President Obama Renews Push For Immigration Reform
MAUREEN CAVANAUGH: This is KPBS Midday Edition, I am Maureen Cavanaugh. Our top story on Midday Edition, president Barack Obama mentioned the need for immigration reform in his State of the Union address, emphasizing the economic benefit that reform would bring. [ [ AUDIO FILE PLAYING ] ] OBAMA: Independent economists say immigration reform will grow our economy and shrink our deficits by almost $1 trillion in the next two decades. And for good reason: when people come here to fulfill their dreams ñ to study, invent, and contribute to our culture ñ to make our country a more attractive place for businesses to locate and create jobs for everybody. So let's get immigration reform done this year. Let's get it done. It's time. [ [ END AUDIO FILE ] ] MAUREEN CAVANAUGH: The president has urged the passage of immigration reform and most of the state of the union say to the Union addresses, but so far commerce is not acted. The Senate passed a bipartisan comprehensive immigration reform bill last year it installed in the house. Republicans begin their annual true retreat this week and immigration reform legislation is expected to a major focus of the meeting. Meanwhile America's 11 million estimated immigrants remain here. Turning me here to discuss this are my guess is that Lilia Velasquez and Michael Rosen. Let me ask you both about this question, the reaction to President Obama's comments and immigration reform in the state of the Union address last night? LILIA VELASQUEZ: I feel cautiously optimistic and there is criticism that he did not say very much she said very little. Immigration applicants indicate that this was the strategy that President Obama was going to use, during the address. Especially because the house has already signaled that they do intend to carry shortly to reveal immigration version whether this will be reform is comprehensive we do not know, they've indicated in the past that they want to use a peaceful approach. MAUREEN CAVANAUGH: And Michael your reaction to what the president said last night about immigration reform. MICHAEL ROSEN: At that it was telling that the president used only the boilerplate language as you mentioned had been used in virtually every state of the Union address that as the key has been given to this president has many has had many years to get something done and immigration reform and he hasn't. Even when he had complete control of the executive and legislative branches and in fact the Republicans have been leading the charge on immigration reform both incompetence of form of the Senate, and as we're going to see over the coming month, the house where more of a step by step approach is must be of introduced. MAUREEN CAVANAUGH: I want to get back to that and what the GOP might be coming up with, but in the last State of the Union address was an Obama told the nation that the now is the time for immigration reform. There was a lot of optimism surrounding the issue, would you say the optimism has faded? LILIA VELASQUEZ: I would say it has, they have lost faith and Mexicans and Latinos have this saying expression hope ever dies, and some people are still hanging on thinking it's going to happen, when the pipe partisan proposal came about, all of us that even immigrations lawyers said this is a done deal and that it would happen. That enthusiasm and that momentum has been lost, and now we feel that is is clearly going to happen this year or are we just resigning ourselves living here for another twenty years? MAUREEN CAVANAUGH: You recognize the eight in the Senate, they came up with the comprehensive immigration reform bill which included tighter border security and a pathway to citizenship for people here illegally, that passed in the Senate. What happened to the GOP dominated house? MICHAEL ROSEN: It passed the Senate because you had strong leadership by some Republican senators who believe out on a limb, you're dealing with sedatives and several of them with large Latino populations of the state including Senator McCain and Senator Flake, and their approach I think has not met with approval of the house because there is deep skepticism in the house torrent any sort of minutes of massive comprehensive plan, like a glove that skepticism derives from the last conference reform and the tent that we saw which was healthcare and as any of your listeners will now and have been aware of, when you try to make massive overwhelming change to future system all at once, there can be lots of problems that will come up and that is what is driving a lot of resistance of the house. MAUREEN CAVANAUGH: The GOP and the house may come with a piecemeal approach, can we be expecting to see that? Instead of a big package bill that has a lot of different aspects to it and order security and pathway to citizenship, this would break that up into certain bills that would provide for border security order some sort of legalization for people here illegally? MICHAEL ROSEN: That is from everything I've read and what I understand and we will know a lot more over the next coming weeks Looks at the components of the step-by-step approach will be first border security and workplace enforcement to make sure that a vast majority of that importers are secure enough for people going into the country without permission but was especially from drugs and crime and terrorism. We are respecting our climate laws of the workplace to make sure that employers crackdown on employers and plays such an ability of the company's Is another big piece and increasing the availability of leases in particular for graduate students and in particular among graduate students for those in the so-called STEM field of science, technology, engineering and mathematics, we do have a strong need for highly skilled workers. MAUREEN CAVANAUGH: Yes that piece there is a lot of opposition to the idea of that piecemeal approach last year, our immigration advocates looking this more flavor leave now? LILIA VELASQUEZ: Again we do not know exactly what version the house is going to come up with, but the problem with the proposal by the bipartisan group of eight, it had triggers, you need to enforce Lisa hundred percent of the Southwest order between the US and Mexico and 90% of the people deported, that the concern of this pointless to look at this and how to evaluate whether it does have been met before we get into the path to citizenship and that can be concerned whether first border security and national security and to provide a path to citizenship for 11 million We also heard something different path to legalization. MAUREEN CAVANAUGH: Let's talk more about that, it's no secret that within the worth of Republican Party, the idea of immigration reform is a big problem for a lot of Republican politicians in Congress because if they supported, and may space challenges at home, what kind of conflicts are actually going on? How can something like this be sold to those politicians were concerned about those jobs if they say okay on the original form? MICHAEL ROSEN: was I would take issue with some of the premise can't believe that there is strong support among Republicans and conservatives Mainstream tea party or what everyone called him for immigration reform. And it depends on what you mean by immigration reform, and particular their strong support both nationally and among Republicans for border security, their strong support for increasing access to skilled workers to come into this country and increase in or and augment our longitude of advantage and technology fields, there is also strong support among Republicans and Americans as a whole for bringing in some of these people out of the shadows and into a way that they can be integrated back into our society, whether that is legalization or citizenship away rest come before Congress a lot of room for debate about all of that and I think those principles are common. MAUREEN CAVANAUGH: And John Boehner may be held against some census in this retreat that Republicans are on this year this week, it is expected that this plan was agreed on he will put it forth before late spring because that is the ending of the charges to come forward and Republican primaries, and so there is something to this idea that some Republican legislators and some congressmen are concerned of an attack from the right if they support any kind of immigration record reform that is such as bone security would you agree with that? MICHAEL ROSEN: You look at some of the voices that are getting behind immigration reform or really driving the train in Congress, looking at Republicans like Jeff Flake and Marco Rubio and John McCain, is the folks who are willing to take will see that the house as well, we'll see congressmen coming forward even in conservative districts and in particular in districts with large Latino populations where there is a strong desire to do something about this, and of course there are political risks and challenges to everything that you do, but this is some other policy directing to do, we just have to make sure that it gets done right. MAUREEN CAVANAUGH: And what about the difference between a push for legalization for people who are here legally instead of a pathway to citizenship, and the pathway to citizenship was something that was really touted last year, would immigration activists say okay legalization is better than nothing? LILIA VELASQUEZ: I'm afraid that at this point people are so desperate that they be agreed to this wasn't the old purple benefit, what with this benefit be? Is it going to be a temporary green card under the temporary bipartisan proposal but aesthetic, we had a situation where people were very concerned that they would be in limbo for many many years. Because it is stated that you'll get this temporary status for ten years and three years later you can apply for citizenship, collagen people have to wait to secretly my status, and think? If they can live here work. They cannot travel or plan future because they cannot not know whether or not they will get a green card, and if so when? This is very much akin to what we have today with what is called temporary protected status for certain nationals of countries that have turmoil or some conflict, Salvadorans get TPS, eighteen months of time. They've been getting TPS for more than ten years, and they don't see the light at the end of time that the end of tunnel, just to have legalization may be a consolation prize for some people, but in the long run it with one for incorporation of those immigrants into the mainstream. MAUREEN CAVANAUGH: To jump on the word that you use of limbo, what does this stall? On immigration reform due to people who have taken advantage of the deferred action for childhood arrivals or the program, they've come forward and identify themselves and they are now able to drive in California, go to school and pay for loans, but when people are trying to plan out their lives, what is happening? LILIA VELASQUEZ: That is precisely the problem, in fact we're getting close to having to extend work permits, that question is with the fee Republican is elected as president, what is going to have two more than half a million students who are really taking vantage of this very good program and are furthering their education and getting good jobs, and to lose that, they may have for four years and then what happens after that? Since the immigration service has all of their personal information, there is fear of deportation not just for them but maybe their family members, so this is good that it's not on a permanent basis. MAUREEN CAVANAUGH: I am wondering, if indeed and I suppose he would be extremely pleased that there's a lot of Republican elected in 2016 if no immigration reform package or series of laws were in place by then, do you think there is a chance that a Republican president would extend this program? MICHAEL ROSEN: Let us hope that you're right in 2016 we do have a Republican sitting in the White House, and it's hard to say. If these are exactly as they were right now, I think it would be difficult for Republican to undo what President Obama did, and the criticism from Republicans about this program or how more about how President Obama nominated by executive action rather than seeking the approval of Congress kind of the substance of the program not a great of a source of controversy as the fact that the president unilaterally decided which laws he will and will not enforce, I think that is a big big problem, but presumably by the time the new Republican cousin to the offices 2016, some of this will be formalized and codified and really become part of the mainstream that Americans are comfortable with it in one form or another. MAUREEN CAVANAUGH: My last question, speaking of big problems the GOP has it admitted that has a big problem in attracting Latino voters and minorities, how important would you say that rubble can report was support for immigration reform is achieving the goal of broadening the Republican party? MICHAEL ROSEN: Republicans have been trying for years to attract many Latino for us as possible and we as a party see our party as a natural home for Latinos all across the country and first generation second generation Whatever it is we're talking the hard-working folks at family people who simply want a fair chance to get ahead in America, that is what the Republican of parties about is working in every aspect to try to encourage that and build the bridges, and reform in particular think that is an important component, to get his import difficult to continue in attracting grove our base of Latino voters must be signaled that we're serious about fixing a problem that we have had in a country with immigration, with signal that we value Latinos and Latino immigration to this country, there's no reason that we should continue to do that. MAUREEN CAVANAUGH: Do you think that motivation will push the GOP to make the decisions that they need to make to get that reform passed in Congress? LILIA VELASQUEZ: I hope so because they do need to appeal to Latino voters in certain demographics in the United States, but I think that's the very short message about person Obama yesterday is indicative of how we want immigration to be redefined, the immigration debate, economic prosperity of the US goes hand-in-hand with it it legalization of immigrants and that is how we want to pitch the need for immigration reform. MAUREEN CAVANAUGH: I have to end it there, would like to thank my guests Lilia Velasquez and Michael Rosen. Thank you very much.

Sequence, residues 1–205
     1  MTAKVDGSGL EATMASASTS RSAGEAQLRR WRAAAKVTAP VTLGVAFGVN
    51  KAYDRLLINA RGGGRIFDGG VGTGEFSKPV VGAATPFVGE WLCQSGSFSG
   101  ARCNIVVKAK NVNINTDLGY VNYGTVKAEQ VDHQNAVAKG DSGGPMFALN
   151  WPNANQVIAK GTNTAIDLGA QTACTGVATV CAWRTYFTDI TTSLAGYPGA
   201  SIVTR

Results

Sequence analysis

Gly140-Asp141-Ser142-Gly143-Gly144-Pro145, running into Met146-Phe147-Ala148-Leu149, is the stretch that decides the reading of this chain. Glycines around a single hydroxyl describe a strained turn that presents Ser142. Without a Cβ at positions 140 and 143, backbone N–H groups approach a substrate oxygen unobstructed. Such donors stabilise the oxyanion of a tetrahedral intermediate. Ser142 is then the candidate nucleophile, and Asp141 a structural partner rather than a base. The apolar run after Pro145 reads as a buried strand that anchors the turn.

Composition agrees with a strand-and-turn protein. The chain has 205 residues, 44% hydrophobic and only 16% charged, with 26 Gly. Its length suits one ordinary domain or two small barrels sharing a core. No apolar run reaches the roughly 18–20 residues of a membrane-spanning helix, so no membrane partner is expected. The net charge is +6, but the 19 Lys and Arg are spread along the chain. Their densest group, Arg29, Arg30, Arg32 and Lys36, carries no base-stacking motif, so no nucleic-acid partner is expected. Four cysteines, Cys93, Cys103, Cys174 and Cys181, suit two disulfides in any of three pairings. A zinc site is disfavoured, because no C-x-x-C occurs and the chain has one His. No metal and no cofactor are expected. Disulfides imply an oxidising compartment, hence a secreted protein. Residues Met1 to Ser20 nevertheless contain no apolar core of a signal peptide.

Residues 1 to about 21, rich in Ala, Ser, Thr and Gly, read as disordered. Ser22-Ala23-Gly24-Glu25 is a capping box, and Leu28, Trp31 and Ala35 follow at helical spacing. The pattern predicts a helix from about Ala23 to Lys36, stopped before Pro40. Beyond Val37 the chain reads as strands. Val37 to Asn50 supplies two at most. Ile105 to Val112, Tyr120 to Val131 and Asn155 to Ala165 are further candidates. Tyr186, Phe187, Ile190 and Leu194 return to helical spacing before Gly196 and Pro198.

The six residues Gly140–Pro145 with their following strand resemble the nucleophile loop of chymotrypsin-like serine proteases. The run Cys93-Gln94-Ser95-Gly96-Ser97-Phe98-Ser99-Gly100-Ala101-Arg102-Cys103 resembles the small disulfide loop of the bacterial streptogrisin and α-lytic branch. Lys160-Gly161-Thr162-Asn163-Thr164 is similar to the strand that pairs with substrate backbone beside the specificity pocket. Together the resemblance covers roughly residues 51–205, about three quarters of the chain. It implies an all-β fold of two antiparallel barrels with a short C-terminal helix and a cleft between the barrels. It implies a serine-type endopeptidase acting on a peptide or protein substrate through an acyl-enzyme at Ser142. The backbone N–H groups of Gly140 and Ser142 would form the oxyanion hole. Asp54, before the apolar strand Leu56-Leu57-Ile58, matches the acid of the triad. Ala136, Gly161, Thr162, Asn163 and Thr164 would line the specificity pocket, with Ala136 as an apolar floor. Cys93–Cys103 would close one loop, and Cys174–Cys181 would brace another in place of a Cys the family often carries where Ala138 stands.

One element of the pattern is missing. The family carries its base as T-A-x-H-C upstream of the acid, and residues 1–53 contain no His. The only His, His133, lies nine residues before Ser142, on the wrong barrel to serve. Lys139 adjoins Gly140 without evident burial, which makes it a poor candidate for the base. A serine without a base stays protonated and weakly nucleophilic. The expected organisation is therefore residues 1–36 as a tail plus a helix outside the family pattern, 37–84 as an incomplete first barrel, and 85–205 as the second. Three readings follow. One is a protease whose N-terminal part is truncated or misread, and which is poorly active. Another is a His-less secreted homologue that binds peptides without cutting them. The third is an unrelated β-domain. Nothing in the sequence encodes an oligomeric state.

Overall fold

In his fifth State of the Union address Tuesday night, President Barack Obama urged Congress to get immigration reform done this year.
Obama's full comments on immigration:
"Finally, if we're serious about economic growth, it is time to heed the call of business leaders, labor leaders, faith leaders, law enforcement - and fix our broken immigration system. Republicans and Democrats in the Senate have acted. And I know that members of both parties in the House want to do the same. Independent economists say immigration reform will grow our economy and shrink our deficits by almost $1 trillion in the next two decades. And for good reason: When people come here to fulfill their dreams — to study, invent, contribute to our culture - they make our country a more attractive place for businesses to locate and create jobs for everybody. So let's get immigration reform done this year. Let's get it done. It's time."
The immigration debate seems to be gaining momentum.
Bipartisan legislation has passed the Senate last year that enhances border security and provides a path to citizenship for about 11 immigrants in the U.S. illegally.
The House prefers a piecemeal approach. House Republicans are meeting this week and are expected to outline their principles for an immigration overhaul.
Among the proposals under consideration by House Republican leaders is one that would give legal status to immigrants in the U.S. illegally but not citizenship.
The White House has said Obama wants the legislation to lead to citizenship. But Obama did not make that demand Tuesday night.
With many Republicans staunchly opposed to Obama's plan for creating a pathway to citizenship, some remain skeptical.
Florida Sen. Marco Rubio who's a major player on immigration policy says there's no chance now of passing a broad overhaul.